By Nancy Gutierrez
On Monday Nov. 24, a 25-year-old Farmersville man was arrested outside of Wilson Middle School for stalking and annoying a child. The man had followed a 12-year-old girl home from Wilson previously and at the time of the arrest, police found the girl's name and address in his car.
It was ultimately the efficiency of Wilson administration and staff that lead to the arrest of Reuban Herrera and assured the safety of one of their students.
Schools cannot stop people like Herrera from attempting to approach the school, but they can safeguard their students by always keeping a watchful eye.
"We have teachers patrol the interior and exterior of the school throughout the day," Exeter Union High School principal Don Brinkman said. "We keep and eye on students, but primarily we go through the neighborhoods looking for suspicious vehicles or people."
Brinkman said staff does not hesitate to directly confront people on or around campus who look suspicious or are not familiar.
"We aggressively pursue people and find out why they are here," he said. "We don't allow anyone to hang around campus."
District-wide procedure involves active communication with the Exeter Police Department when unknown individuals are around campus. But Brinkman said they have not had to contact police about unwanted individuals on campus.
"Kids now days know who doesn't belong," he said. "They don't want to feel threatened and we want to make sure the students and staff are safe."
It was the Wilson student who first noticed Herrera and alerted a teacher. Wilson Administration wasted no time in calling the proper authorities. This is campus policy at each site.
"We follow the same guidelines that Wilson followed by calling the police," Rocky Hill Elementary School Principal Jessica Bradshaw said.
She said teachers and staff at Rocky Hill are also always on the look-out for unfamiliar and even familiar adults, "hanging around," who shouldn't be on campus. An added concern for elementary school staff and parents is the time after and before school when students walk to and from campus. Bradshaw suggested the possibility of safe watches or safe houses. Students walking to school who feel threatened could go to a neighborhood home for safety.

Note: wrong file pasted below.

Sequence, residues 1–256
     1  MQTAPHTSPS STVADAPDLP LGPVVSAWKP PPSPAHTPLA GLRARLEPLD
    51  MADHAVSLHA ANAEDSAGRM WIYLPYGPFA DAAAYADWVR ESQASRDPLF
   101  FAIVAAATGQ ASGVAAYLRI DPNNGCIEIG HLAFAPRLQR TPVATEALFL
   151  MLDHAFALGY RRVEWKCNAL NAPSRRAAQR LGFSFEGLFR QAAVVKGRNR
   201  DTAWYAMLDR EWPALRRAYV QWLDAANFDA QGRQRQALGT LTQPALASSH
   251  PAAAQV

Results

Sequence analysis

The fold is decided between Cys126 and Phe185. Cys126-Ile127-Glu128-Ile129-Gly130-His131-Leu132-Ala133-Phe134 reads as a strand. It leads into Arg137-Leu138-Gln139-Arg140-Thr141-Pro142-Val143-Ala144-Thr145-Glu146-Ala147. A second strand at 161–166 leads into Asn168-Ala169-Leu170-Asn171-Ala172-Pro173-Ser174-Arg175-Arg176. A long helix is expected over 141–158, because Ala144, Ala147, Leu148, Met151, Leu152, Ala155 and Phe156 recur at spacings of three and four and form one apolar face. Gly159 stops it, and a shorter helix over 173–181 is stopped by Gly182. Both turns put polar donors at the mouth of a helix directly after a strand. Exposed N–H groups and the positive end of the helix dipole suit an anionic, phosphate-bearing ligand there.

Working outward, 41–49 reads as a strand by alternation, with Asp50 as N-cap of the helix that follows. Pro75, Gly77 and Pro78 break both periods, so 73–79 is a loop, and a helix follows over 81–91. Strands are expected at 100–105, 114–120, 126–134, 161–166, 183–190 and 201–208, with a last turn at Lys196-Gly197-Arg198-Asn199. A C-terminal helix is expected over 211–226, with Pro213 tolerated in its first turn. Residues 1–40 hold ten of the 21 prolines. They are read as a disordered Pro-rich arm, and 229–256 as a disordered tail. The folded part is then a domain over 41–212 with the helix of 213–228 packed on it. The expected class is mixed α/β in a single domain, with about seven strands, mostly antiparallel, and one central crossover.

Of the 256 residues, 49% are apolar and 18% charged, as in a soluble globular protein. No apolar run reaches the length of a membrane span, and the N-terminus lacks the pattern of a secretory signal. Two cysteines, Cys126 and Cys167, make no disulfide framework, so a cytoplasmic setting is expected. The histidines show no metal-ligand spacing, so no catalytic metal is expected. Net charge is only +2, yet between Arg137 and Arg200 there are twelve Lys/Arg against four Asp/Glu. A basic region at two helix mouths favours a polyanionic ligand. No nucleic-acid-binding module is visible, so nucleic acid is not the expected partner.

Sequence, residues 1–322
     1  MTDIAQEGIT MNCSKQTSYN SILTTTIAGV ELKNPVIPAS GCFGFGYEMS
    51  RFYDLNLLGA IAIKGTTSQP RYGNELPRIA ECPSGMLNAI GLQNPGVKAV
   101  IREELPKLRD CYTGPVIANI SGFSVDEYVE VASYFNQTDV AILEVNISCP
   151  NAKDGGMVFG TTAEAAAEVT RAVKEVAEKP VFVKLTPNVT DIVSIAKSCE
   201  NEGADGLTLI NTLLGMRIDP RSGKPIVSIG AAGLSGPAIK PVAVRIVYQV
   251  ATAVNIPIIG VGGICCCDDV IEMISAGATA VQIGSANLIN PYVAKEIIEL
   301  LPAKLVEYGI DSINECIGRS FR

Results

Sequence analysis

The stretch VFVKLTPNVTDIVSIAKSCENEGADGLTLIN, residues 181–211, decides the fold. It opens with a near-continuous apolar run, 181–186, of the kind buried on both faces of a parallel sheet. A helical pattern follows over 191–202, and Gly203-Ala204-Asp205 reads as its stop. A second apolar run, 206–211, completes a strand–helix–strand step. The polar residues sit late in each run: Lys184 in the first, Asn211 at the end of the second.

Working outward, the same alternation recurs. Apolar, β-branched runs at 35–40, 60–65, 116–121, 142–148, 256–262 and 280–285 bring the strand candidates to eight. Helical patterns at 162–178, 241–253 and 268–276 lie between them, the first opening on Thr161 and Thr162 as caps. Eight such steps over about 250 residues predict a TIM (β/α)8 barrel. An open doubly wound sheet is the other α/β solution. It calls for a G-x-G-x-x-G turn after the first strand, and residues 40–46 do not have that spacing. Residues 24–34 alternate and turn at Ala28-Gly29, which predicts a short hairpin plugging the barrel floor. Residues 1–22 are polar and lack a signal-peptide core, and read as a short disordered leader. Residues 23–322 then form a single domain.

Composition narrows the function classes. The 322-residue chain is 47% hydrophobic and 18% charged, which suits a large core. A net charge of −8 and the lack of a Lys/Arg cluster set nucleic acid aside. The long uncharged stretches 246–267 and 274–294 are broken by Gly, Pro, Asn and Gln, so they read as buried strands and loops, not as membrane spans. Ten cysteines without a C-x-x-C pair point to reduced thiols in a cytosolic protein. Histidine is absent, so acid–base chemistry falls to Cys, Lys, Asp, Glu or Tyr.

Bradshaw said there have been no instances of unwAnted individuals at Rocky Hill that she could remember, but student are still taught what to do when approached by a stranger.
"The hardest thing to get kids to understand is that they can't fight off an adult," Rocky Hill teacher Gina Wise said. "And they need to remember that a stranger is any adult regardless of their gender."
At Lincoln Elementary School some students participated in The Child ID Program of America. Students took digital photos and fingerprints and had their height and weight recorded.
After utilizing digital fingerprinting and picture taking materials the children received identification cards which can be used to reproduce posters of children immediately upon abduction or other emergency.
Every year, hundreds of children are abducted by strangers. In abduction cases, time is of the essence, and the sooner law enforcement can make public pertinent information, including pictures and fingerprints, the better chance they have at bringing the child home safer. This strategy aims to provide parents with safety identification cards for their children while providing police with important information that can be used in case of a missing child report or other emergency. This type of effective action will help prevent abduction as well as aide authorities to respond quickly when one occurs.